If objFSO.FileExists(strMortoSens32) Then blnInfected = True
	
	' If the Infected flag is set, it is infected...
	If blnInfected = True Then
		wscript.echo "*******MORTO INFECTION: " & strComputer
	ElseIf blnInfected = "Error" Then
		wscript.echo "Error (Check Manually): " & strComputer
	Else
		wscript.echo "Clean: " & strComputer
	End If
End Sub

Conclusion

So, I have tak­en sev­er­al scripts and thrown them togeth­er to find a solu­tion. I can reuse this for any­thing. Per­haps I want to use vbscript to find com­put­ers with a cer­tain file on their hard dri­ve. I can reuse this by just tweak­ing the Mor­to sub-rou­tine.

IsConnectible: My vbScript Ping Method

When­ev­er I am doing large sweeps of the net­work that require con­nect­ing to a large num­ber of work­sta­tions (e.g. file copy, wmi query, etc.), I pre­fer to check to see if I can even see the sys­tem. This avoids wait­ing for (WMI) time­outs and also aids in trou­bleshoot­ing fail­ures. If the file copy failed, why? Well, if I can’t ping it or it can’t be resolved, I would like to know right away and move on to the next host.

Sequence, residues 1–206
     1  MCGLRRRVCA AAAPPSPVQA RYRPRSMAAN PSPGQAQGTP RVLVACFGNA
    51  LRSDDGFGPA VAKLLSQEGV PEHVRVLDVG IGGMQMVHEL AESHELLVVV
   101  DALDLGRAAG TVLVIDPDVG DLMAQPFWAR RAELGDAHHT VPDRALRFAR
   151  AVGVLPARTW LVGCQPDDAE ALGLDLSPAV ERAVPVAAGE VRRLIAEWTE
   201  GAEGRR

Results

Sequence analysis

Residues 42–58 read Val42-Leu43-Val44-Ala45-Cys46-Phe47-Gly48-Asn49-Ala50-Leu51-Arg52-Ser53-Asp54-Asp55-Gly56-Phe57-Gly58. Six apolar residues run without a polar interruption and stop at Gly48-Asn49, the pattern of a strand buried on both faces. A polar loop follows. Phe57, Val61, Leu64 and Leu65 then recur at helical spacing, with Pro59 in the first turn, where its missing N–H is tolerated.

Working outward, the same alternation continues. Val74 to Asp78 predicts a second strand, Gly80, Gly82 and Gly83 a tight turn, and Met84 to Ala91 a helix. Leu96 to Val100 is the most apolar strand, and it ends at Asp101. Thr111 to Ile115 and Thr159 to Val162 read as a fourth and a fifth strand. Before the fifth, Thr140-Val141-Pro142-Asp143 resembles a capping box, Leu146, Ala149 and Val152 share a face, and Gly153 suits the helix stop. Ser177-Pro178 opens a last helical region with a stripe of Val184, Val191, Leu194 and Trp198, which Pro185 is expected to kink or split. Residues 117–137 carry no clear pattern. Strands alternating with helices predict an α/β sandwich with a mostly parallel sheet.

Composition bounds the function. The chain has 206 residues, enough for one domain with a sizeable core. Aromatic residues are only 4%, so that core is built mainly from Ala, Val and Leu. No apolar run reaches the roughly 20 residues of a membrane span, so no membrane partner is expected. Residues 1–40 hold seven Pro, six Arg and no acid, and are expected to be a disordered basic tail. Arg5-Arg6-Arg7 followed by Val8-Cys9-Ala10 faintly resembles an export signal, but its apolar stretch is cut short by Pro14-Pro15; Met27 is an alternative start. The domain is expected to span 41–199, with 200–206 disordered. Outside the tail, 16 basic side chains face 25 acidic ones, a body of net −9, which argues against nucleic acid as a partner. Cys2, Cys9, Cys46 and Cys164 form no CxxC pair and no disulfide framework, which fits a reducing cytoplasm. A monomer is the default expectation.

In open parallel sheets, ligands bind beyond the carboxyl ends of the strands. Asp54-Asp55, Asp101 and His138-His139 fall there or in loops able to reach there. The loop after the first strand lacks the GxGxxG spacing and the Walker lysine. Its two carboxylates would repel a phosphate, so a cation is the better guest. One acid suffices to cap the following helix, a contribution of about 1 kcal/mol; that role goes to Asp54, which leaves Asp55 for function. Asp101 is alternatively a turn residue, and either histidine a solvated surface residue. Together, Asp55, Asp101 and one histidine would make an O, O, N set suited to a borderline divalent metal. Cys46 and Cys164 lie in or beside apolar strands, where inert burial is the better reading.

Of course, there are a cou­ple down­sides to this method. It does add over­head to the script because it too has a time­out. How­ev­er, depend­ing on the pur­pose of the script, this may be accept­able for the flex­i­bil­i­ty you gain. The oth­er caveat is that the sys­tems you run this against must allow ICMP on their local fire­wall or the script will just ignore them and move on to the next host.